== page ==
Still, time in its bugle-weariness marched on (hut, two, three, four) while Georgie Boy shuddered in his lonely kingdom (secretly plotting a hair plug revolution) of conservative (compassionate) blue suits, muted tie, and ancient wing-tips a connect-the- dot trajectory from the short-sleeve white shirts and clip-on tie from his boyhood days and sadly, dear reader, the following semi-intrusive "Georgie Boy" diary entry comes from those bleak days: Dear Diary, Today, mom made sure my shirt was tucked in and she matted by cowlick with mom spit. She also made me wear black rubbers over my new combat boots with the cool army guys with their bayonets. Of course, I got beat up by the other kids. What kind of choice did they have? (Author's Note: "Georgie Boy" Hammer could never hear the phrase Your mother wears combat boots without recalling this humiliating episode from his early life. More than likely, incidents like this {or maybe just this one} propelled him to change his name from Smith to Hammer. He would have preferred Hammered, but the folks at the Office of Fictional Names and False Identities (OFNFI) were opposed to verbs as valid, fake names.) to his present work (and attire) as an actuary in the firm of Grey, Grey & Sons.

The purchase of tassel loafers at Extravagant Feet signaled something was up (the revolution will not be televised) some rift or split in the "Georgie Boy's" planetary experience was underway. By the time he left the store, the rift had widened and a transformation (transfiguration) of his senses was in full-tilt boogie, enabling him as he hit the street to hear a sound (and ideophone actually): bling and/or the music composed by a ray of light striking a diamond. He stood in hushed awe in the middle of Smog City, with cars, buses, trucks, and the herd all around him. Bling bling rang again and "Georgie-Boy" picked up the sound like the perked ears of dogs snaring silent whistles (Hear fella). He wasn't sure if the sound came from The Bling Factory Outlet or The Bling Factory Outlet's Outlet. It didn't matter. The sound had an electromagnetism to it and pulled him to the right until he found himself gazing at the shining objects in the display window of The Bling Factory Outlet. In a trance, he peered at the glistening objects as he read the store's merchandise guarantee, rendered in flashy atomic-orange neon upper case letters: OUR JEWELRY (OTHER THAN OUR DIAMONDS) IS MADE FROM THE HIGHEST QUALITY AUSTRIAN CRYSTALS WITH THE BEST SILVER PLATING POSSIBLE!

"Georgie Boy" entered the store with the music of the spheres cruising through his body like the exhilaration of a first kiss.

"I'm ready," he said, approaching the first jewelry case and the young woman behind it, radiant as Isis in a golden storm of light, and looking phat in her black V-neck Goddess Top with foil and studs, white Janelle shorts, and Baby Phat Ellen sandals, highlighted by just a single accessory a Diamond Half Moon Pendant Choker gracing her slender neck.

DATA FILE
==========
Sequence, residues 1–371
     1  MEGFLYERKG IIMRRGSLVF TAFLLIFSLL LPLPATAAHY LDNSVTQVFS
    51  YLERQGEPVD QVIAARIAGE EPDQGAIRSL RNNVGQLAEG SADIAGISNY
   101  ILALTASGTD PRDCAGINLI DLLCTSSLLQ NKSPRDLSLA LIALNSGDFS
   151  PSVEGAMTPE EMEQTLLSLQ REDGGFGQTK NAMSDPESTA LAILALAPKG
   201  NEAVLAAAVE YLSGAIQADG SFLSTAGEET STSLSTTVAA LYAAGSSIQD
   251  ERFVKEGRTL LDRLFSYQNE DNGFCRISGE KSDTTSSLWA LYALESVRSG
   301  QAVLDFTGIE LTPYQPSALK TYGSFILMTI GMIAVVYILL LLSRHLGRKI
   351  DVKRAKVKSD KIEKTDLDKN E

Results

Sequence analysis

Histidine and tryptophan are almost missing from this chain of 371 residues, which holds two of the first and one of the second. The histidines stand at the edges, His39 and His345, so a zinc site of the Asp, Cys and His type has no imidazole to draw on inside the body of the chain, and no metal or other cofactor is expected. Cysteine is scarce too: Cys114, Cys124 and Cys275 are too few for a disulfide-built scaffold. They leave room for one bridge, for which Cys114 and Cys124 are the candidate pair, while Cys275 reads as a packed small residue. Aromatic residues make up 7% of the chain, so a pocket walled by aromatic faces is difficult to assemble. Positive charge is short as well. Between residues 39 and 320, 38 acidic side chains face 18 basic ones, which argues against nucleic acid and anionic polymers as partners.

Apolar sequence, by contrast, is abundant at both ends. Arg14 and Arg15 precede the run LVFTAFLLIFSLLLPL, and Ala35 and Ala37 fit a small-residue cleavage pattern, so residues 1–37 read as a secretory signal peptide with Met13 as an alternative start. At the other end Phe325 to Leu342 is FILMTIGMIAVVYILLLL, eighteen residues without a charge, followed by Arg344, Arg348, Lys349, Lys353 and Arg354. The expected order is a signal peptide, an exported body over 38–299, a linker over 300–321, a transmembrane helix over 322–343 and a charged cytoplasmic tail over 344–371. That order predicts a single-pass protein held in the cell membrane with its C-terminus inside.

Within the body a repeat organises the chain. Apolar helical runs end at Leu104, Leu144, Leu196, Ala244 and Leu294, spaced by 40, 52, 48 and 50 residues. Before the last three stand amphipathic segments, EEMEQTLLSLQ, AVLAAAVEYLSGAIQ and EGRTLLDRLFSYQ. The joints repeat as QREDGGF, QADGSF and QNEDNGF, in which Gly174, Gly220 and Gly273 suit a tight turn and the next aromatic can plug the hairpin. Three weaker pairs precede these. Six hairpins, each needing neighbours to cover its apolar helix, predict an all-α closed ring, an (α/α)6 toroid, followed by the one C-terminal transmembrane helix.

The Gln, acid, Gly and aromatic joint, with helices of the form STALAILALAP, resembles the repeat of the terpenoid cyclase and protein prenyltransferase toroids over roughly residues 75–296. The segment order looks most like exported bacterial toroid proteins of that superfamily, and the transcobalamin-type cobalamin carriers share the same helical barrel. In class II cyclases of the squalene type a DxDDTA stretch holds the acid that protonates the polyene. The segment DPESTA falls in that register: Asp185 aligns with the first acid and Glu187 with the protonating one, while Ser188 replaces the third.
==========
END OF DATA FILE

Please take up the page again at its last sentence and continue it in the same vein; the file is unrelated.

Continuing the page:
"You're ready for what, sir," the young women politely asked.

"Bling-bling me," "Georgie-Boy" said.

"Don't you mean IcedOutFromHeadToToe?" the young women laughed.

"Proceed," George-Boy said, with a wide and wild smile on his face.

The next day, when "Georgie Boy" showed up at his sister Matilda's house in the exclusive suburbs of Smog-by-the Sea, glowing like a supernova in his conservation (compassionate) blue suit iced out with a 10K White Gold Men's Rope Hip Hop Chain, a Silver Batman Bling Watch, a solid White Leather Belt, a Thug Fashion Five Strand Diamond CZ Hip Hop Bracelet, along with the Arrowhead II Kiltie Tassel loafers on his feet, and bearing a set of Black Glass Pimp Cups for her and her family, she knew something had to be done and done quickly. Mental health clinic or assisted living, she thought, shielding her eyes with her hands from the bling-glare, before pouring herself and "Georgie Boy" a stiff one into the pimp cups.

"Jesus, "Georgie Boy," she said, gulping bourbon and trying to calm herself. "That's quite a look. I think I should call Pete."

"Bling-bling," "Georgie Boy" said, sipping from his pimp cup.

After conferring with her brother Pete over the phone (whose only response was what a freaking nincompoop) over "Georgie Boy's" new and sudden style shifts (including the aforementioned hair plugs, chin-chin-chinny tucks, and starburst white laboratory-enhanced teeth), it seemed plausible (and preferable) to place (register) him (60 is the new 80) in The Sunshine and Darkness Nursing Home and Independent Living Complex for the Young at Heart, a well known (and fairly expensive) facility for the elderly, semi-elderly, and want-to-be elderly in Smog City.

"Georgie Boy" enthralled and dazzled by his sparkling new personality seemed to care less where he lived (forced retirement and all) until he saw the sign (upper case letters in fuchsia script) posted on the front door of his new abode upon his arrival the following week with his stressed siblings: BLING IN THE NURSING HOME IS STRICTLY FORBIDDEN (and in small print near the bottom of the sign: for insurance reasons and the deleterious effect of ideophones on the aged).

Then the fight was on.